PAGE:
In a city obsessed with beauty pageants, fashion shows, and innumerable events that propagate a mutual admiration society, it was a breath of fresh air to be offered four evenings of pure, unadulterated Nepali adhunik music.
Nepa~laya’s Paleti concerts have contributed significantly to institutionalising the not-so-popular genre of modern Nepali music, and bring together the Nepali speaking world through songs.
Last week’s Paleti series, conducted with nepa~laya’s well-known penchant for perfectionism (the shows started precisely at 6:00pm to the second) was a world class event. The concert itself, performances, logistics, all went like clockwork, nothing was left to chance. It demonstrated yet again that Nepalis are capable of organising events to meet international standards.
The world over, music in the classical and semi-classical genre have a cult following that is not exactly mass market. As Kiran Shrestha of nepa~laya explains, that is why it was up to the royal families of Nepal in the past to patronise the arts.
King Mahendra took state patronage of Nepali music and culture to a higher plane by importing singers from Darjeeling. Queen Aishwarya did try to emulate her father-in-law, but did not succeed much because she seems to have enjoyed playing politics with art more than backing deserving singers. King Gyanendra was a keen fan of ghazals himself, but was satisfied with inviting his favourite singers to the palace, and stopped at that.
Nepali adhunik suffered in the 70s and 80s, as English-speaking Nepalis on both sides of the border believed that it was old-fashioned. This trend has been reversed now as globally exposed Nepalis find their own music can compete with ghazals from the subcontinent.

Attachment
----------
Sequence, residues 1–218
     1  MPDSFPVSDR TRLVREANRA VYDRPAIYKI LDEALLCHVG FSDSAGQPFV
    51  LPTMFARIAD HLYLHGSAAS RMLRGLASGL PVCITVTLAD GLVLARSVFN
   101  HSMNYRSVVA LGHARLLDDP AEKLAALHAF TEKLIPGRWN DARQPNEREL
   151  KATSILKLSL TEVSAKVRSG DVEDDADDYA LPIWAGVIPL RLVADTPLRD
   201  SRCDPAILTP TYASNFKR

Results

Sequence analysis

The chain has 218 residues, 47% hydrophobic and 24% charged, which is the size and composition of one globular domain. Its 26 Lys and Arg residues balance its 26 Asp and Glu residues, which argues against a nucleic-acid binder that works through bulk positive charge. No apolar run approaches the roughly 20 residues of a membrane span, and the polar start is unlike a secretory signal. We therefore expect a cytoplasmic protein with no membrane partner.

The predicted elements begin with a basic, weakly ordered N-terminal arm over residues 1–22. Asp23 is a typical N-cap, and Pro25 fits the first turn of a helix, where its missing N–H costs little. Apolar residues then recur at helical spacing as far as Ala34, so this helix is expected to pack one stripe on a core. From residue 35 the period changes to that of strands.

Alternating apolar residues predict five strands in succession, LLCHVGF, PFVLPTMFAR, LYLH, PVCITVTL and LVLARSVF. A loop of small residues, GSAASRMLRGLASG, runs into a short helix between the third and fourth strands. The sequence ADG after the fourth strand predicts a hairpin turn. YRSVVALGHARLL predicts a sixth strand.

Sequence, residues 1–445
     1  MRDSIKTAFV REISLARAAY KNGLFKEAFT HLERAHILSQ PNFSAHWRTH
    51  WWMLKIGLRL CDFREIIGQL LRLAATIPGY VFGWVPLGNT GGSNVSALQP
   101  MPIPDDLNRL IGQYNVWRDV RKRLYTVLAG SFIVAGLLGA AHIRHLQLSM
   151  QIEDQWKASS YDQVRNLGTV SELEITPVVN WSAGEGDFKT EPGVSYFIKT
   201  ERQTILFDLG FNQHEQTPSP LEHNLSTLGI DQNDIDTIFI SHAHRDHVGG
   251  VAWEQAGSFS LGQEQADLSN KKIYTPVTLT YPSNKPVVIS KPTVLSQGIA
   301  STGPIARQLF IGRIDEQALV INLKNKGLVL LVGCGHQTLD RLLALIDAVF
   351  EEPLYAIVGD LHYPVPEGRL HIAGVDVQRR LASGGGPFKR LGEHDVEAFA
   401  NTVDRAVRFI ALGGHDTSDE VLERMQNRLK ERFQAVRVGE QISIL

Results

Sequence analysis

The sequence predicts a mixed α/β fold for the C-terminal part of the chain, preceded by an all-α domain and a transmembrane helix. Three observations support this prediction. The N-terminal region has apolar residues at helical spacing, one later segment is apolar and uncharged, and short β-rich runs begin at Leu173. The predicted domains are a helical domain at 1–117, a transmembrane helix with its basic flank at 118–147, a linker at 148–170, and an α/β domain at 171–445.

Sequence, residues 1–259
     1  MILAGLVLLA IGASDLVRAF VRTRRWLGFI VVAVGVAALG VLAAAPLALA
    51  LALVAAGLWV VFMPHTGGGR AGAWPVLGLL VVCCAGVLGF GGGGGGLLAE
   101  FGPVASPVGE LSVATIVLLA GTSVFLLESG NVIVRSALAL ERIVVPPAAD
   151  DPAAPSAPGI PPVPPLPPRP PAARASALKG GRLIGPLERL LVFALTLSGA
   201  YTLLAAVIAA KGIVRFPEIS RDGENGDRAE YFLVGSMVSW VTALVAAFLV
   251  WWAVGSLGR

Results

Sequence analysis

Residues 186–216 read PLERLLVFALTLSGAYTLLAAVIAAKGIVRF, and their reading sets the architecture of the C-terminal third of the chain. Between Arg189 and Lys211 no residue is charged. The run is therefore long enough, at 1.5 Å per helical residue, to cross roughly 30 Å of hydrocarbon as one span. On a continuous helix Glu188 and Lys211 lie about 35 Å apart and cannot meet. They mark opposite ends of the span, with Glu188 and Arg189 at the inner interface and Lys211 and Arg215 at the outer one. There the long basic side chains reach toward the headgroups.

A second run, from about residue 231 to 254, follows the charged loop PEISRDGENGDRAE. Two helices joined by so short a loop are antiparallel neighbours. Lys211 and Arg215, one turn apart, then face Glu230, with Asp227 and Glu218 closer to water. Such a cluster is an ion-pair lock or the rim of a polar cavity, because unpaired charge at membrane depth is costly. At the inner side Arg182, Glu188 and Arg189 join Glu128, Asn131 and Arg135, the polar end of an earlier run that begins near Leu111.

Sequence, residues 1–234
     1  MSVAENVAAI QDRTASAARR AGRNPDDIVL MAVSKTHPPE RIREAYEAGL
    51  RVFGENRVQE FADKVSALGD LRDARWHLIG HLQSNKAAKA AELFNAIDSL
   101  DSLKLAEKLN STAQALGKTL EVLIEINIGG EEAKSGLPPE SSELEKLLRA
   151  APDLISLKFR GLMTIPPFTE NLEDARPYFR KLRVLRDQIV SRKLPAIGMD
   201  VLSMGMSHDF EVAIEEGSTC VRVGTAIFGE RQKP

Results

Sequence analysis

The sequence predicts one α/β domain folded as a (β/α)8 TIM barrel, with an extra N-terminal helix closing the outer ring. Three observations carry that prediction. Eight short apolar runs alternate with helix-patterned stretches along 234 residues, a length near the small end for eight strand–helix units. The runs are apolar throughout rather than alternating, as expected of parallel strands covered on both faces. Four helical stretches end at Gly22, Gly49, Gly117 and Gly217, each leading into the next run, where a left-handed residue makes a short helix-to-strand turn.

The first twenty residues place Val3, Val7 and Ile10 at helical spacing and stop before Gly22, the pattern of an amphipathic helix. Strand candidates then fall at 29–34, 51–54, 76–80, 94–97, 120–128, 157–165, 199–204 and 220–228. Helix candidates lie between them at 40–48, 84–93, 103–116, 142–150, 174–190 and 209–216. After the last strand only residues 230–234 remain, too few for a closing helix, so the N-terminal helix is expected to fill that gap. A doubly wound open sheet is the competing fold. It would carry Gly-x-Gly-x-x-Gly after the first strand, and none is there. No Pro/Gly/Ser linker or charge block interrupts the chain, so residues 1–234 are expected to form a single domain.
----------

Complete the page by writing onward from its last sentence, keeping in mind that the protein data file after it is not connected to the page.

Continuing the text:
The Paleti festival demonstrated that Nepali society has come of age and there are people who would not mind paying highi ticket prices to listen to tunes they were familiar with from the days of shortwave Radio Nepal.
The richness of Nepali adhunik in lyrics, melody and rhythm has been derived from the strong classical music influence of Bengal via Darjeeling. Nepali voices did not just have to compete with Bengali music but also each other, and the genre has benefited from this burst of creativity.
Ambar Gurung and Shanti Thatal are the products of that generation and environment, who delivered some of the most immortal and powerful songs of the period. Many of these ‘golden oldies’ were sung at Paleti last week.
Among the younger generation, there is Ambar Gurung’s protégé, Avaas, who sings for a whole new generation of Nepalis in songs that evoke our own angst, disillusionment and aspirations. For young Nepalis, one-take singers or artists performing live to an orchestra accompaniment, are things of the past. Today’s Nepali singers are mostly heard singing along to digital tracks. The Paleti micro-concerts that have kept the tradition alive by regular monthly events at nepa~laya’s R-shala were scaled up seamlessly last week at the DAV School hall which had great ambience and acoustics.
As with the many things its does, nepa~laya has demonstrated that using globally tested tools of excellence, good event management, not cutting corners on costs, can deliver world class events in Nepal. Looking forward to an encore of the Paleti festival next year.
Sujeev Shakya is Chair of Kathmandu Literary Jatra, Nepal’s annual international literary festival